(149f) On Ultra High Performance Nanostructured Concrete by Polymer Impregnation
AIChE Spring Meeting and Global Congress on Process Safety
Wednesday, April 4, 2012 - 4:00pm to 4:30pm
There are 200 million automobiles and other vehicles on the road. Federal highway infrastructure needs to be rebuilt. The interstate highways were built in the 1950s under President Dwight E. Eisenhower. President Barack Obama has called for extensive infrastructure building in the transportantion sector under his stimulus and jobs plan. Concrete with compressive strength greater than 207 MPa (30,000 psi) needs to be developed. Nanostructured concrete may be a way to attain this goal. President John F. Kennedy presented his vision to send a man to the moon by the ned of the decade and bring him back safely during his presidency between 1961-1963. Lunar concrete is another goal.
Concrete is the most used material by mankind next to water. About 7.5 km3 of concrete is prepared every year. This is roughly 1 m3 for every man, woman and child on the face of this planet, earth. It is a 35 billion dollar industry employing about 2 million workers in United States of America. Over 55,00 miles of highways are paved with reinforced concrete and pre-stressed concrete. Concrete is used in road and bridge construction, for support of elevated road beds and highways, pilings, pillars, etc. They are also used in skyscrappers, hgh rises, etc.
The next generation concrete is expected to: (i) offer a service life of over 100 years; (ii) possess compressive strength upto 207 kPa; (iii) require less construction time; (iv) by watertight; (v) crack-free; (vi) versatile; (vii) durable; (viii) corrosion resistant; (ix) abrasive; (x) resilience to impact; (xi) engineering properties comparable to stainless steel, cast iron and ceramics. UHPC, ultra-high-performance-cement can be used to make thinner sections, larger spans and taller high rises. Formulation to make cement composites include portland cement, silica fume, quartz fluor, fine silica sand, high range waste reducer and steel or organic fibers.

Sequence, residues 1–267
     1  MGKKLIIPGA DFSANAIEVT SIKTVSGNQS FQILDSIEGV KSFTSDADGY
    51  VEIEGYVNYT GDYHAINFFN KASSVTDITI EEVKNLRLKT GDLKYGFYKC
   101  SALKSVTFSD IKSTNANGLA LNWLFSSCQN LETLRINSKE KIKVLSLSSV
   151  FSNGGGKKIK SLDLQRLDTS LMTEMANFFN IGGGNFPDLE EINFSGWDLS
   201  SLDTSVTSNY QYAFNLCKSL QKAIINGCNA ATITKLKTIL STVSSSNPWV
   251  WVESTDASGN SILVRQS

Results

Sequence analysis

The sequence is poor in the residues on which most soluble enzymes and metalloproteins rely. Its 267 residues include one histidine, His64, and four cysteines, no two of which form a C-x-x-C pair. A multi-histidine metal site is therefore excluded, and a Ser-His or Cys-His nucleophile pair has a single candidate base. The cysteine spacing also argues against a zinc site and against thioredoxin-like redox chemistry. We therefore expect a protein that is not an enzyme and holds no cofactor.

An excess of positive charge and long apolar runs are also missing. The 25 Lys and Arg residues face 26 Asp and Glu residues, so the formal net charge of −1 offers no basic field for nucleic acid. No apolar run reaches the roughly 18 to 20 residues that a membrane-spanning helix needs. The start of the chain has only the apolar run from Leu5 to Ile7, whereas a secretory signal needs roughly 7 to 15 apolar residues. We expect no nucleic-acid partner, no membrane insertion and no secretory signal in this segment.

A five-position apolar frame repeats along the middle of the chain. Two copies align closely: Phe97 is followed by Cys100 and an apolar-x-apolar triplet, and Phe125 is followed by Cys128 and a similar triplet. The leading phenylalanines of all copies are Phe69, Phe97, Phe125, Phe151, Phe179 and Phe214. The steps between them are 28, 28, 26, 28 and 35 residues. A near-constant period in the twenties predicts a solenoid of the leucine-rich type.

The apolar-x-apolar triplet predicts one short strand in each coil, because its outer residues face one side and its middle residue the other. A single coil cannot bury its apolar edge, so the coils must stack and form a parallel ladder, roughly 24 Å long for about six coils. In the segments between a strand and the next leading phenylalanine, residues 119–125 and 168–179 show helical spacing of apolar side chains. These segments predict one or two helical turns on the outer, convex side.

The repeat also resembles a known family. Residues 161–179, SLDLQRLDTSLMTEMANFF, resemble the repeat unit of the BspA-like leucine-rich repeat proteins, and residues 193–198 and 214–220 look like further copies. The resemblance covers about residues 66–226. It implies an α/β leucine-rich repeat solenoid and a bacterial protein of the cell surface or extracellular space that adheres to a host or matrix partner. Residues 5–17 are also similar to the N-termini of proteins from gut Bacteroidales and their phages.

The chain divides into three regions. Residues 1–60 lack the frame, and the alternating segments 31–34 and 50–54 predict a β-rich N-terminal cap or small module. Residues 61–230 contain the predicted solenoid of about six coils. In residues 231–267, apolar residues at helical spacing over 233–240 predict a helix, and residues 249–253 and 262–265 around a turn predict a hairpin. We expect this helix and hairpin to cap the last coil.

The methods of preparation of concrete has changed since the days of the Roman empire when opus caementicium or cement was made from quicklime, pumice and pozzolan. J. Aspdin in 1824 invented portland cement. Raw mix is prepared this time and age followed by the clinker product and cement. Raw materials in the form of slurry are made from CaO, calcium oxide, SiO2, silicon oxide, Al2O3, alumina, Fe2O3, ferric oxide and MgO, magnesium oxide. Quarried from local rock, they are ground together in a raw mill. Milled down to less than 100 µm the raw mixture is heated in a cement kiln with temperatures of 1400 - 1450 0C. A complex set of chemical reactions leads to a sintered product. The enthalpy of formation of clinker from CaCO3 and clay minerals is 1700 kJ.Kg-1. Emergence of nanotechnology (Sharma, 2010) has enhanced the expectations for: (i) stronger concrete; (ii) development of super plasticizer; (iii) reduction of clinkering temperature; (iv) cold sintering of clinker materials in mechano-chemical reactions; (v) nanocatalysts for quicker hydration reactions; (vi) grinding aids for superfine clinkers; (vii) binders reinforced with nanotubes and nanorods; (viii) biomimetic materials; (ix) cement based composites; (x) step change improvement in ductility and toughness; (xi) reduced micro-cracking; (xii) self-healing materials using fullerenes. The use of an effective super plasticizer can effect dispersion stability in nanosilica products and thereby improve the strength of Portland cement mortars at all ages of hardening. Longevity of concrete can be improved by introducing reinforcing carbon fibers. These fibers can come from bituminuous coals (Renganathan and Zondlo, 1988). Improved flexural, deflection and ductile properties of conrete can be effected by proper introduction of carbon fibers. Voids in concrete may be filled usinng nanofibers of carbon. Void fillage can result in reduction of crack formation as energy gets deflected and dissipated during propagation.